6. Just when the kindly grandmother in “In the Heights” threatens to become too nice for Lin-Manuel Miranda’s terrific new Latno/rap/show-biz musical’s own good, Abuela Claudia (the savvy Olga Merediz) plants her sensible shoes into a spotlight on the barrio street. And she sells an indelible first-generation aria that cuts into the sentiment of this urban folk tale - an immigrant story that needs to be told - and, along the way, rhymes Cuba with “gotta bribe the supa.”
7. In “Rock ‘n’ Roll,” Stoppard’s latest extreme-sport expedition to the jagged coasts of Utopia, a classics professor and cancer-ravaged wife (the remarkable Sinead Cusack) pleads with her hyper-rational husband to recognize the mind as something beyond “your amazing biological machine.” Although Stoppard’s drama about rock music and Czech politics, which opened in November, felt strangely distant at times, this woman and this speech stung with the visceral terror and the wondrous mysteries of consciousness.
8. There are many moments to remember in the black “Cat on a Hot Tin Roof,” which has been completely forgotten by the Tony nominators. What I treasure the most from the production - which stars James Earl Jones, Phylicia Rashad and the grossly underappreciated Terrence Howard - is the way Anika Noni Rose, as Maggie, manages to compare her frustrated character to “a cat on a hot tin roof,” over and over, without sounding like a total crazy person. For all his gifts, Tennessee Williams didn’t make it easy for her.
9. We know that Mel Brooks’ “Young Frankenstein” is disappointing, that most of the classic lines are mugged in huge capital letters, that ace director-choreographer Susan Stroman clobbers us with greatest-hits punch lines until we can’t remember why we first loved them in the 1974 movie. But I won’t - and can’t - forget the moment when Shuler Hensley, as the splendidly human Monster, launches his big, darling self into a blissfully funny “Puttin’ on the Ritz.” Come on. Is it too late to give Hensley a nomination?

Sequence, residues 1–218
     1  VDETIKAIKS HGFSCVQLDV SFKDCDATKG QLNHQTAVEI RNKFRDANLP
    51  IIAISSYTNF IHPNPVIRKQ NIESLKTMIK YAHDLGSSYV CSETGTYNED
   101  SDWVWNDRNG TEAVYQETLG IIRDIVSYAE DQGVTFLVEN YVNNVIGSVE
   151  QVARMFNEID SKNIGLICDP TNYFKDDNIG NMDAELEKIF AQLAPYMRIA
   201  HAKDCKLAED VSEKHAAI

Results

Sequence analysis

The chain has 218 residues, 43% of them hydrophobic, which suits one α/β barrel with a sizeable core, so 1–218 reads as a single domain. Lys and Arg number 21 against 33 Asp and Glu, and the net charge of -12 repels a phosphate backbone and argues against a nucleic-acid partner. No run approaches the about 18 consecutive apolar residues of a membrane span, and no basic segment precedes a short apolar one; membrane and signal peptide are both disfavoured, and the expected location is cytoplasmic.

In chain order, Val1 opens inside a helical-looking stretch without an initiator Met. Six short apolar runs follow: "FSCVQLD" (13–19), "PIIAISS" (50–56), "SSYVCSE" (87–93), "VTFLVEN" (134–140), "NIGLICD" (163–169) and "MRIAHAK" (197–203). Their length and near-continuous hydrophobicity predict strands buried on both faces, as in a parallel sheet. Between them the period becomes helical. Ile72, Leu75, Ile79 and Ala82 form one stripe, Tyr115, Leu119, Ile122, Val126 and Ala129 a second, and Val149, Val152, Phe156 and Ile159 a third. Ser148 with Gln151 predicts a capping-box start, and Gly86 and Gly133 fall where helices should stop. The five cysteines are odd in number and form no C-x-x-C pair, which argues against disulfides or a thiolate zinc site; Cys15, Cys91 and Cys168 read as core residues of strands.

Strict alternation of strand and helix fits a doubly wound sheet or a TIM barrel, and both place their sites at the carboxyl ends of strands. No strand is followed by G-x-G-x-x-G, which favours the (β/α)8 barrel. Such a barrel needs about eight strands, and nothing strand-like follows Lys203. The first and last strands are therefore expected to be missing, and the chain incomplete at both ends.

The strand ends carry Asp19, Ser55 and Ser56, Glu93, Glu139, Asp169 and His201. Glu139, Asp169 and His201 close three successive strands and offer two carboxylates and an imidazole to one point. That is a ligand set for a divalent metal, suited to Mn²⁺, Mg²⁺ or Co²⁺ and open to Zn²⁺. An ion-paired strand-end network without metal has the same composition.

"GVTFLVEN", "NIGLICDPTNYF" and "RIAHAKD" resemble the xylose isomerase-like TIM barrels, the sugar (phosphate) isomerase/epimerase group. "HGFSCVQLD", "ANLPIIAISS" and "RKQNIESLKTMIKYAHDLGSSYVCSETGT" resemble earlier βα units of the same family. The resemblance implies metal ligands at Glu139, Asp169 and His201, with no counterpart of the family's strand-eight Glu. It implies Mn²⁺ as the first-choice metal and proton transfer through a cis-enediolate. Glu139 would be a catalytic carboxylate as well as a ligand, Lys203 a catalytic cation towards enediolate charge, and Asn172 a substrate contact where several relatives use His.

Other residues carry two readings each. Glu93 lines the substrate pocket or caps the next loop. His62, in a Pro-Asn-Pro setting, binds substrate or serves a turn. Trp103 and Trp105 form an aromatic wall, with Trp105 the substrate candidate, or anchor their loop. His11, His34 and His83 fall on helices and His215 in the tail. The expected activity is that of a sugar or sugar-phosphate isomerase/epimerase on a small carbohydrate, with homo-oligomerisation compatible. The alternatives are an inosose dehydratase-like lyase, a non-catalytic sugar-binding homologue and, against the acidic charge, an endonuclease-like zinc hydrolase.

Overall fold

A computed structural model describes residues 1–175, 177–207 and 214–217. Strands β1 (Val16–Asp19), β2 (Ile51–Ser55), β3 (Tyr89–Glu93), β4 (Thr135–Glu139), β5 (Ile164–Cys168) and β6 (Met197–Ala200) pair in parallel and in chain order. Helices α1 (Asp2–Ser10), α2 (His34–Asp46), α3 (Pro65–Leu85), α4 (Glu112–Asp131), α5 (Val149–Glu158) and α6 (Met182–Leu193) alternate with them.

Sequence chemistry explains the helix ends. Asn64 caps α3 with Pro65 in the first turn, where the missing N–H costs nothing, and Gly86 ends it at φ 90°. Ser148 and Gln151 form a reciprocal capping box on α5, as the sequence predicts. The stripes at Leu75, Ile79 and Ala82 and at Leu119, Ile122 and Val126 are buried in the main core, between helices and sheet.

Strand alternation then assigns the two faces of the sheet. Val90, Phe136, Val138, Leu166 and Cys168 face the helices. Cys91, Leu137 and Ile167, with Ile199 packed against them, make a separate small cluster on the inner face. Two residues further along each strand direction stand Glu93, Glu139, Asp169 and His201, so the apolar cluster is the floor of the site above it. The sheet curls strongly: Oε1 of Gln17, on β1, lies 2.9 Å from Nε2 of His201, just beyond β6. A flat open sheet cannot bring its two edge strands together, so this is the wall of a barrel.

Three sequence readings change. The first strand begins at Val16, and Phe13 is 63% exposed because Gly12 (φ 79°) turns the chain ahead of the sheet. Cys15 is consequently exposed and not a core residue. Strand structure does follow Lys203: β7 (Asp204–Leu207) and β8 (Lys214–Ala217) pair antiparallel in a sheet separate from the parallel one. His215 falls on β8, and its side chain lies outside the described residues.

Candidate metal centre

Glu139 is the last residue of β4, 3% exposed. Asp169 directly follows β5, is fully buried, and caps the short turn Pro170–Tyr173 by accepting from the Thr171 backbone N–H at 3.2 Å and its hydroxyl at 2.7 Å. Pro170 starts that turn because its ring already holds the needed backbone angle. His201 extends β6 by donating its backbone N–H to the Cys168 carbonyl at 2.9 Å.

10. Finally, the moment that changed this season forever came Nov. 10 at 9 a.m., when contract talks broke down between the stagehands union and the League of American Theatres and Producers. More than 25 productions were closed for 19 days, including the prime Thanksgiving weekend. According to the league, Broadway sales still reached $937.5 million, just less than last year’s record $938.5 million. But for the plays that lost momentum during the shutdown and have already closed - that is, “The Homecoming,” “The Seafarer,” “Rock ‘n’ Roll,” “Is He Dead?,” “Cyrano de Bergerac,” “The Farnsworth Invention” - the story of the season will never be known.
Should win: “August: Osage County”
Will win: “August: Osage County”
Should win: “Passing Strange”
Will win: “In the Heights”
Should win: “Passing Strange”
Will win: “Passing Strange”
Should win: “In the Heights”
Will win: “In the Heights”
Should win: “The Homecoming”
Will win: “Boeing-Boeing”
Should win: “South Pacific”
Will win: “South Pacific”
Should win: Patrick Stewart (“Macbeth”)
Will win: Stewart
Should win: Eve Best (“The Homecoming”)
Will win: Deanna Dunagan (“August: Osage County”)
Should win: Paulo Szot (“South Pacific”)
Will win: Szot
Should win: Kelli O’Hara (“South Pacific”)
Will win: Patti LuPone (“Gypsy”)
Should win: Anna D. Shapiro (“August: Osage County”)
Will win: Shapiro
Should win: Bartlett Sher (“South Pacific”)
Will win: Sher
FEATURED ACTOR, PLAY
Should win: Raul Esparza (“The Homecoming”)
Will win: Esparza
FEATURED ACTRESS, PLAY
Should win: Sinead Cusack (“Rock ‘n’ Roll”)
Will win: Martha Plimpton (“Top Girls”)
FEATURED ACTOR, MUSICAL
Should win: Daniel Breaker (“Passing Strange”)
Will win: Boyd Gaines (“Gypsy”)
FEATURED ACTRESS, MUSICAL
Should win: Laura Benanti (“Gypsy”)
Will win: Benanti
Should win: Andy Blankenbuehler (“In the Heights”)
Will win: Rob Ashford (“Cry-Baby”)